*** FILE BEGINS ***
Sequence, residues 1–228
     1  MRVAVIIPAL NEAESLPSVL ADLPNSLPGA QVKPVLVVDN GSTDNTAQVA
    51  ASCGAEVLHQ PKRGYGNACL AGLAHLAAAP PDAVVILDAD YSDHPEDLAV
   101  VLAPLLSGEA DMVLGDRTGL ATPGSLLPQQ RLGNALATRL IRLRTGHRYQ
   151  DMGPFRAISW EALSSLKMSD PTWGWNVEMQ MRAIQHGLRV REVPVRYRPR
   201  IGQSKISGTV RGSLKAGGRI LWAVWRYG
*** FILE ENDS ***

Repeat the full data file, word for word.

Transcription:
Sequence, residues 1–228
     1  MRVAVIIPAL NEAESLPSVL ADLPNSLPGA QVKPVLVVDN GSTDNTAQVA
    51  ASCGAEVLHQ PKRGYGNACL AGLAHLAAAP PDAVVILDAD YSDHPEDLAV
   101  VLAPLLSGEA DMVLGDRTGL ATPGSLLPQQ RLGNALATRL IRLRTGHRYQ
   151  DMGPFRAISW EALSSLKMSD PTWGWNVEMQ MRAIQHGLRV REVPVRYRPR
   201  IGQSKISGTV RGSLKAGGRI LWAVWRYG